Final Conflict - Ashes to Ashes [reissue] (Cover Artwork)

Final Conflict

Final Conflict: Ashes to Ashes [reissue]Ashes to Ashes [reissue] (2005)
SOS Records

Reviewer Rating: 4

Contributed by: AnchorsAnchors
(others by this writer | submit your own)

Most people look upon bands like Converge and Integrity for spawning what we would eventually come to know as metalcore. And in many rights, that's true. Those two bands took the mix of metal and hardcore to places never before envisioned. At the same time, however, it's important to see that even t.
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Most people look upon bands like Converge and Integrity for spawning what we would eventually come to know as metalcore. And in many rights, that's true. Those two bands took the mix of metal and hardcore to places never before envisioned. At the same time, however, it's important to see that even those to bands were preceded by several in the `80s that primitively put those two genres together in their very own way.

Though lesser known than their peers in Discharge, Final Conflict is one such band, and their combination of political diatribes with an infectious punk rock spirit is a formidable one.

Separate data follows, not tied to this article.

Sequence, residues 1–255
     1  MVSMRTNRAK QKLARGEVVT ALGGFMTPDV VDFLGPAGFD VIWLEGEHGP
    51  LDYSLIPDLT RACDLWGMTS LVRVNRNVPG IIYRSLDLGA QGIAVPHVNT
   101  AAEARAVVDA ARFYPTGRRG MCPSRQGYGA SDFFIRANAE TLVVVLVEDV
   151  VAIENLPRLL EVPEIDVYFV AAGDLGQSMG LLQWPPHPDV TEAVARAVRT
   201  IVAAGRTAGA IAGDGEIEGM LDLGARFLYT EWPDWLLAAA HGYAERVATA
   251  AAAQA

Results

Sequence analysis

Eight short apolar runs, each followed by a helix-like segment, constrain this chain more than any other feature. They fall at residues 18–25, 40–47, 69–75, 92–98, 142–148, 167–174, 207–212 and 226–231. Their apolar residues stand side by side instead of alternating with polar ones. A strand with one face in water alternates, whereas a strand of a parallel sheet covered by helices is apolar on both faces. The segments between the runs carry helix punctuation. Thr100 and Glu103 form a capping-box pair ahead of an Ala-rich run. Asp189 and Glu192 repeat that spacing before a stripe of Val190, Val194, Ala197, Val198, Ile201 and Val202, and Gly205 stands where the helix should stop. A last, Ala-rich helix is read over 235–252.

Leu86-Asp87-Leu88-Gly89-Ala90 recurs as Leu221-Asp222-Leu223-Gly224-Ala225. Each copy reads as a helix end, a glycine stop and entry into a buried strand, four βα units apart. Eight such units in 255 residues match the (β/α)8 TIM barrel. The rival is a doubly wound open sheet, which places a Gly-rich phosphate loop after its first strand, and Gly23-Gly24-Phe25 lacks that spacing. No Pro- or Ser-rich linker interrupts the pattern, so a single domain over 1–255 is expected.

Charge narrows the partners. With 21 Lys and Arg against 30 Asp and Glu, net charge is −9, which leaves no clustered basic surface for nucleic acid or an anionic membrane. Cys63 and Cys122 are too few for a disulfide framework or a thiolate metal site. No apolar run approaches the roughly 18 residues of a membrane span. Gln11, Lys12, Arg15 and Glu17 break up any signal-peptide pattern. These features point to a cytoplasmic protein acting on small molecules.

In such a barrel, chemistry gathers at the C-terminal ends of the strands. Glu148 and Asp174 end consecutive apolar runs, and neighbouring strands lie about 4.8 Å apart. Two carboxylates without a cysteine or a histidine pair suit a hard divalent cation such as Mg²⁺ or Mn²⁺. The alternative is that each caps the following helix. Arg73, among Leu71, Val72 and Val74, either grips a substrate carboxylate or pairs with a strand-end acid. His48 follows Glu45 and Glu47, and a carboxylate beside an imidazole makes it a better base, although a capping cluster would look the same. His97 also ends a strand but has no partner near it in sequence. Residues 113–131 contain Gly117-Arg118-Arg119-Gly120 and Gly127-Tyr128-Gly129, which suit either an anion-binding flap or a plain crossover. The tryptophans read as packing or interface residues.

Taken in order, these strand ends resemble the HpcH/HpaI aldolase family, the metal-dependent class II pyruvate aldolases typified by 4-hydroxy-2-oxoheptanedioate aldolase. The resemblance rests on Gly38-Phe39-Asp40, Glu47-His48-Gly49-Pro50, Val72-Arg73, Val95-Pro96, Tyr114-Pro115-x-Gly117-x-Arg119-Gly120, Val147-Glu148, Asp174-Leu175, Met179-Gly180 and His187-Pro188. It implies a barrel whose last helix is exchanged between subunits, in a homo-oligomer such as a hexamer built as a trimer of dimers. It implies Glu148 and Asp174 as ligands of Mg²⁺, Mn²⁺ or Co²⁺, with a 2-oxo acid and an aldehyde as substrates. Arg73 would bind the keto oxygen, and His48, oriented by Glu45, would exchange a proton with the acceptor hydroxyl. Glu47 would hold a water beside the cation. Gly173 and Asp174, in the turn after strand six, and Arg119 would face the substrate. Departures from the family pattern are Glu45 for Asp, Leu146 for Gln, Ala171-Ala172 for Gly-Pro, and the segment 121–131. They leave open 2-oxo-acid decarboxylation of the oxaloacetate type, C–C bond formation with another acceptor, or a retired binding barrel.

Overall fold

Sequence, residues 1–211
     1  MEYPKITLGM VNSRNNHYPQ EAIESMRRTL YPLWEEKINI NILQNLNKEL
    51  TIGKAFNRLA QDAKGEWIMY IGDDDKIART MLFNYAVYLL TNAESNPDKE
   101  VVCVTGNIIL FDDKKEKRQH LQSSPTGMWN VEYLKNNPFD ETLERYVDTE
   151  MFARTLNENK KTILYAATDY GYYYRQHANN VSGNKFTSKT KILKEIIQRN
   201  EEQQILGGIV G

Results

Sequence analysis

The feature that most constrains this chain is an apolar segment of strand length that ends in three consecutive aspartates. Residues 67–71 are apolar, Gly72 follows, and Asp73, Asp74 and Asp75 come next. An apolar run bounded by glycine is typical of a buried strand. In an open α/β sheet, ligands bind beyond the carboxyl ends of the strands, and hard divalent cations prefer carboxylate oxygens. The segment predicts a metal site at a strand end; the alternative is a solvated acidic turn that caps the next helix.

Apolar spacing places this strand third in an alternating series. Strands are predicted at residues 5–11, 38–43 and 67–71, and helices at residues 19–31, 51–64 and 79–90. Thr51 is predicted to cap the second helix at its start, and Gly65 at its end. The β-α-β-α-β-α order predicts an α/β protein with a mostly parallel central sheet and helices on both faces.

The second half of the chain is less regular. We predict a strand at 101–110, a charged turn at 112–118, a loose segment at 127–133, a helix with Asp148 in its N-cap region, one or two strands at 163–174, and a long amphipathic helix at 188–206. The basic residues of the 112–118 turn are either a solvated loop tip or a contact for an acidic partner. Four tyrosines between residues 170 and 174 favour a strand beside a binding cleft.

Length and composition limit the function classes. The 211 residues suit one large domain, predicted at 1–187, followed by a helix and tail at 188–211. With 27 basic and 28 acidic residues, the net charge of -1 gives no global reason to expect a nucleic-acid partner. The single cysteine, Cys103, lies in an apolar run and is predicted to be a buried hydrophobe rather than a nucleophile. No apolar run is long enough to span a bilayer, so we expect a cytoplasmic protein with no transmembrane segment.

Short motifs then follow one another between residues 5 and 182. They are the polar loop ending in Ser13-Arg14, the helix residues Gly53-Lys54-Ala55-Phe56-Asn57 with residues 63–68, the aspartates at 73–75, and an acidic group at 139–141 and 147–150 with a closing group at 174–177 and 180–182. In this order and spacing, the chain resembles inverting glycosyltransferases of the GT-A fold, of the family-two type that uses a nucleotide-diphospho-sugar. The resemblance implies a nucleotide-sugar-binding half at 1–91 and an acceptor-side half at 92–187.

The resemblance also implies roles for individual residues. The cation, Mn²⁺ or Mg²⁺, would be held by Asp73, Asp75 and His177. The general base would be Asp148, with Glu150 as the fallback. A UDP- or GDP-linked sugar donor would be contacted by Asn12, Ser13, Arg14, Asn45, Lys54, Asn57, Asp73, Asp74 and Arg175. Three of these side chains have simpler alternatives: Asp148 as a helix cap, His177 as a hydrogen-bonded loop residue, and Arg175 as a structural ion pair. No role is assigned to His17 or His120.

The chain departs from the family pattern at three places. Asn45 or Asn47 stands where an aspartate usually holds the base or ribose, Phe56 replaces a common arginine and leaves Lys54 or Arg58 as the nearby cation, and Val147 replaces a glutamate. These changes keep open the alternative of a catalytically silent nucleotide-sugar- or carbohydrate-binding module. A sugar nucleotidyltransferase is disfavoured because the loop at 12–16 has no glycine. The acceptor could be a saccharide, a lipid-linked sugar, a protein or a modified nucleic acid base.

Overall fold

While not exactly a â??metalcore' band by current description, there is no denying of their integration of metal riffs and tempos into their hardcore punk attack. It may not seem that striking at first, but a close listen will reveal many instances throughout the course of the record that a traditional punk tempo is thrown into a whirlwind of quick riffing and pounding drum fills. "What Kind of Future" begins awash in waves of distortion, as did a lot of hardcore punk from the `80s, but it is soon apparent that Final Conflict mean business as the riffs turn from relatively tame to an all out onslaught of speed and frenzied vocals. Speed isn't the entire name of the game though, as they're able to match the tempo of that track with slower efforts like "Shattered Mirror" and have it take nothing off the intensity.